“Three years from now, if he’s a better player, he’ll get drafted again, and if he’s not a better player, realistically, he shouldn’t have signed in the first place.”
Plenty of potential
Still, the pros are Moniot’s dream.
“If he wants to be a professional baseball player, he should sign,” said Andrew Starke, president of the Palm Springs Power and an associate scout for the Philadelphia Phillies. “A couple thousand dollars between signing and not signing isn’t going to make a big difference in what they make over their career as a professional.”
Starke has seen Moniot a handful of times over his high school career and admires his switch-hitting abilities, as well as the potential he’s shown over the last four years to put on bulk and increase his strength.
And with the minor league system in place, teams aren’t drafting players on their current skills, because they aren’t headed straight to the big leagues.
“They’re not looking at how good is his bat today…They’re looking at what can he do in five years,” he said.
Moniot has all the enthusiasm a team could want, too. He has for years. He’s no stranger to playing with teammates and opponents much older.
In fact, he started his young baseball career playing on his brother Jeremy’s seven-year-old teams little league teams, while the younger Moniot was just four.
“We’d sneak him into games. He’d get out there and hit the ball. He had a great time,” said his dad, Gavin. “He’s always played the game like he was eight. I always tell him play the game like you’re eight. Just go out there and have fun.”
To be a professional, baseball isn’t just part of your life. Baseball is your life. When, what and where you eat, sleep and breathe all goes back to America’s pastime.
Moniot’s parents said he’s already living it. He gets up and works out before school. Sometimes, he heads to The Hitting Zone after. When he’s doing his homework, MLB announcers and the crack of the bat are his white noise.
“It’s what I’ve wanted to do my entire life, and hopefully the day is finally here,” Moniot said.
The right decision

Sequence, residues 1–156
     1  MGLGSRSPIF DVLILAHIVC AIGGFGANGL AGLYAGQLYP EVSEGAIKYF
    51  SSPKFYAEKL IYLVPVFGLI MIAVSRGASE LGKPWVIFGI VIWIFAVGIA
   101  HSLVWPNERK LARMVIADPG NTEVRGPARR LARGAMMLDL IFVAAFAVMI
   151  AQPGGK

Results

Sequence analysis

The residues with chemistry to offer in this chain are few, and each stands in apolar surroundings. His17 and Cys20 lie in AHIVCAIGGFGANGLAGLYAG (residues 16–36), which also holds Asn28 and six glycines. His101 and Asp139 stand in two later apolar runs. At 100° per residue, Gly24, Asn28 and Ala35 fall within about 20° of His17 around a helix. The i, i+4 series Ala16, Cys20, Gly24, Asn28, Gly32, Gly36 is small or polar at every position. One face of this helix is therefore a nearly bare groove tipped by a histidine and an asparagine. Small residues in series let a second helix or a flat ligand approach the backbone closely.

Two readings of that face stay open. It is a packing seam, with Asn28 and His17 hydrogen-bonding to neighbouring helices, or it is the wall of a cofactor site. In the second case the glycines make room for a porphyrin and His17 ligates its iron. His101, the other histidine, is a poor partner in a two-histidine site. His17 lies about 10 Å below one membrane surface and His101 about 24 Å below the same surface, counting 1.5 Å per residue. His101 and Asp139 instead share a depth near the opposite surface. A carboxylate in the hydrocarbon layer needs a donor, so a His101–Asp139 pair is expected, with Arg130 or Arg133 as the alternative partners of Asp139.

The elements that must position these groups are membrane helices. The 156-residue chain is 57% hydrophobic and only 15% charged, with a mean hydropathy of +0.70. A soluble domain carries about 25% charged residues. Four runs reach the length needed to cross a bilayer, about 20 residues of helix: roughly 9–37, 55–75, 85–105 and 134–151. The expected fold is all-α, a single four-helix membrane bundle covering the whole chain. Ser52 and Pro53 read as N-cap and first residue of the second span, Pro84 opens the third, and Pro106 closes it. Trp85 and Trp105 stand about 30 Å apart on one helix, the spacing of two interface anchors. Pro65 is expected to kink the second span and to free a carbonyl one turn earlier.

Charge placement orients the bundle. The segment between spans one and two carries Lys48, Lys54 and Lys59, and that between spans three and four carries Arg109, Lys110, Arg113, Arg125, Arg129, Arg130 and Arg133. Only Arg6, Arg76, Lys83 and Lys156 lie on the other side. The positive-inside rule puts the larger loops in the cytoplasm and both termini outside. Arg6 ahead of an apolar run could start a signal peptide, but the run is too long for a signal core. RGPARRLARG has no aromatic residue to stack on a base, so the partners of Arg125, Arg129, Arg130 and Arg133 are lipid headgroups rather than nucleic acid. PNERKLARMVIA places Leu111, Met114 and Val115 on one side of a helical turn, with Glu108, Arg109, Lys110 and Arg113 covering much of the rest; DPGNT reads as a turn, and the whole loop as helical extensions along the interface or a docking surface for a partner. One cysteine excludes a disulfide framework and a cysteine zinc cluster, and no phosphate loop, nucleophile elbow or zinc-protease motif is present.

Maybe the decision will be made for him. Moniot wasn’t listed in Baseball America’s top 500 prospects, and Jim Callis, the senior writer for MLB.com, had to admit Moniot’s name didn’t register.
Clapinski warned to be wary about high expectations on draft day, a trap he fell into 23 years ago. Salazar said he’s had a pitcher who could throw 94 mph and never got the call.
Moniot said he’s hoping for the best and expecting the worst.
“The draft can’t be predicted. That’s why when I look at mock drafts or the top prospects, those organizations…they don’t have a pick in the draft, so I don’t pay much attention to those,” he said.
Moniot kept his plans close to the vest, but it was clear any decision he makes will come with plenty of input from his family and his own advisor he’s hired to help lay things out.
In a game where failing 70 percent of the time at the plate is praised, Gavin isn’t worried about his son making a wrong choice. To him, there really isn’t one.
“Whatever decision he makes is going to be right because he’s making it,” he said.
Past Valley players drafted by the MLB
2014: Nick Baker, 29th round, Diamondbacks, PDHS
2012, Tanner Rahier, 2nd round (78th pick), Reds, PDHS
2012, Ryan Garvey, 33rd round, Rockies, PDHS
2012, Ricky Gingras, 18th round, Astros, PDHS
2011, David Schuknecht, 12th round, Rockies, PDHS
2011, Ryan Garvey, 15th, Phillies, PDHS
2010, Nick Baker, 44th, Dodgers, PDHS
2007, Randall Yard, 37th, Braves, PDHS
2002, Ryan Broderick, 20th, Angels, PDHS
1994, Kevin High, 63rd, Mariners, PDHS
1994, Canaan Price, 78th, Astros, PDHS
1991, Chad Bumgarner, 50th, Royals, PDHS
1991, Kerry Cosgrove, 72nd, Dodgers, PDHS
1990, Trenton Hauswirth, 34th, Expos, PDHS
1989, Rollie Jacobson, 67th, Astros, PDHS
1997, Jason Farmer, 31st, Marlins, Indio
1996, Jose Pimentel, 44th, Rangers, Indio
1987, Robert Pickowitz, 14th, Mets, Indio
1983, Todd Jackson, 4th, Rangers, Indio
2013: Morgan Earman, 21st, Mets, Desert Christian Academy
2005: Anthony Claggett, 11th, Tigers, Palm Springs (played in majors)
1994, Marcus Scott, 91st, Astros, Palm Springs
1986, Jeff Goodale, 19th, Brewers, Palm Springs
1984, Tony Perezchica, 3rd, Giants, Palm Springs (played in majors)
1983, Boris King, 6th, Pirates, Palm Springs
1983, Ivan Hyso, 17th, Pirates, Palm Springs
1975, Happy Vincent, 18th, Red Sox, Palm Springs
1969, Jerry Lewis, 18th, Pilots, Palm Springs
1966, William Hathaway, 11th, Palm Springs
2006, Abraham Gonzalez, 48th, Angels, CVHS
1997, Rolando Garza, 9th, White Sox, CVHS
1982, Richard Flores, 2nd, Dodgers, CVHS
1967, Larry Price, 7th, Giants, CVHS
1967, Joseph Sanchez, 15th, Phillies, CHVS
1967, Gilbert Marrujo, 52nd, Indians, CVHS
1965, Richard Totten, 20th, Angels, CVHS
*Palm Desert’s Chris Clapinski went undrafted in 1992, but was picked up by the Marlins as an undrafted free agent. He played parts of two season in the majors.